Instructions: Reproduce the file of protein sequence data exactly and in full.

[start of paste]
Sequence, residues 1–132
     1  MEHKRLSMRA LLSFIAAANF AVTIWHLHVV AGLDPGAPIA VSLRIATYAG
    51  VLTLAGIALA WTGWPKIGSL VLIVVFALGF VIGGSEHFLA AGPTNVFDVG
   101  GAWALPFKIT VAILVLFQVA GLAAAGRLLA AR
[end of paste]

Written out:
Sequence, residues 1–132
     1  MEHKRLSMRA LLSFIAAANF AVTIWHLHVV AGLDPGAPIA VSLRIATYAG
    51  VLTLAGIALA WTGWPKIGSL VLIVVFALGF VIGGSEHFLA AGPTNVFDVG
   101  GAWALPFKIT VAILVLFQVA GLAAAGRLLA AR